Eadburh of Winchester

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Saint Eadburh of Winchester
Edburgah of Winchester.png
Died15 June 960
Venerated inAnglican Communion
Catholic Church
Orthodox Church
Canonized972
Feast15 June

Saint Eadburh (or Edburga) (died 15 June 960) was the daughter of King Edward the Elder of England and his third wife, Eadgifu of Kent.

Life[edit]

In the twelfth century, a Latin Life of her was written by Osbert de Clare, who became prior of Westminster in 1136 (and who also wrote a Life of King Edward the Confessor).[1] According to Osbert, at the age of three, Eadburh was given as an oblate to the Queen Mother Ealhswith's foundation of St Mary's Abbey, Winchester (Nunnaminster). There Eadburh was educated and there she remained as a nun and died probably before the age of forty.[2]

There is little contemporary information for her life, but in a Winchester charter dated 939, she was the beneficiary of land at Droxford in Hampshire granted by her half-brother King Athelstan.[3]

According to one account, when Eadburh was three years of age, her father sought an indication as to whether she would live in the world or as a religious. On one side he placed rings and bracelets, on the other a chalice and gospel book. A nurse brought the child, and King Edward set her on his knee, inviting her to choose. When he set her down, she chose the religious items.[4][5]

The hagiography written of her in the 12th century by Osbert of Clare shows evidence of some of the unusual occurrences that might have happened in that time period when a member of a royal family became a monk or nun. In one story, her father visits her in the monastery and she sings for him, and he asks her if there is anything he can do for her, and she asks for him to give the community an estate at Canning, which he does so. In another story, the abbess found her reading alone, which was against the rules of the monastery, and then thrashed her. When the abbess realized it was the princess and not an ordinary nun, the abbess then begged forgiveness from her. In another story, she one time insisted on cleaning the shoes of her well-born companions, and they felt shocked by this and reported it to her father as behaviour that is not right for her.[6]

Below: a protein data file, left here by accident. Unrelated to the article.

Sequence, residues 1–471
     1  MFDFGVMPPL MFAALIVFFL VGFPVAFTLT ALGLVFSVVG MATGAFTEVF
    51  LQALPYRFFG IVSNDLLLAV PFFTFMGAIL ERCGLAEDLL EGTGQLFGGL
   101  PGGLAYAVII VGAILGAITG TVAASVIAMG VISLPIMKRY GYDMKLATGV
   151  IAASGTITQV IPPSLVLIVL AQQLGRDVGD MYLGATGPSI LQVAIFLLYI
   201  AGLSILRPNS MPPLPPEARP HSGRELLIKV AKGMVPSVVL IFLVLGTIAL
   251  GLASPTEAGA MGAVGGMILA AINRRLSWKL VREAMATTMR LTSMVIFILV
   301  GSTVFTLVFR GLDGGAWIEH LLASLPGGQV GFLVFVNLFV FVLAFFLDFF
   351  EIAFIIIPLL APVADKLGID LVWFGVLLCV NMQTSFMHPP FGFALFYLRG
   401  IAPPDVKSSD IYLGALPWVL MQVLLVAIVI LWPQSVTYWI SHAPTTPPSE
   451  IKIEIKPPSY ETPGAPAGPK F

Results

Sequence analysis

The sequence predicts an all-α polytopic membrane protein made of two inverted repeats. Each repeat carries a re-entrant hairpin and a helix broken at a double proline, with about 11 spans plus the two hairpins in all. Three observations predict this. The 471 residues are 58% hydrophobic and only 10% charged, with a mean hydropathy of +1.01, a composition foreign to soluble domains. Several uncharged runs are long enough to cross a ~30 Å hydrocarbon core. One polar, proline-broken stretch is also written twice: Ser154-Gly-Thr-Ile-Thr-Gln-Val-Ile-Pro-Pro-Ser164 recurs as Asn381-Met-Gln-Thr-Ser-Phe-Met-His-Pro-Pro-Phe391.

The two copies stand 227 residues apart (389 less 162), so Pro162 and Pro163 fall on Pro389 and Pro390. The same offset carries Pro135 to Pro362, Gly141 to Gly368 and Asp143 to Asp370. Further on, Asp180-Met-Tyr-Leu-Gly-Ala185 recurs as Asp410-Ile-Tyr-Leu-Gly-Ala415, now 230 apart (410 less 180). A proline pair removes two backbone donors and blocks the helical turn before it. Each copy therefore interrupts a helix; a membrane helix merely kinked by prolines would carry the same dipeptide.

Veneration[edit]

A cult developed after her death and is first mentioned in the Salisbury Psalter from the early 970s.[7] In 972, some of her remains were transferred to Pershore Abbey in Worcestershire, which is dedicated to SS. Mary, Peter and Paul, and Eadburh. Her feast is celebrated on 15 June.[2]

Her cultus continued to flourish to judge by the Lives written in the thirteenth and fourteenth centuries.

Dedication of parish churches[edit]

There are a number of Church of England parish churches dedicated to St. Eadburh of Winchester.[8] Most of them are not far from Pershore Abbey, to which they were connected in some way.

St Mary's Abbey, Winchester was at one time co-dedicated to St. Eadburh. Pershore Abbey was also for some time dedicated to her after Egilwado (Alwardus or Æthelweard), the nephew of the Abbess of St. Mary's Abbey, acquired some of her bones for £100.[15]

St Edburg, Bicester, Oxfordshire and SS Mary & Edburga, Stratton Audley, Oxfordshire are both dedicated to Edburga of Bicester, as is perhaps the Church of St Aldhelm and St Eadburgha, Broadway, Somerset.

Notes[edit]

  1. ^ The text is edited by Susan J. Ridyard in her The Royal Saints of Anglo-Saxon England, 253 ff.
  2. ^ a b Farmer, David. "Edburga of Winchester", The Oxford Dictionary of Saints, 5th ed revised, Oxford University Press, 2011 ISBN 9780199596607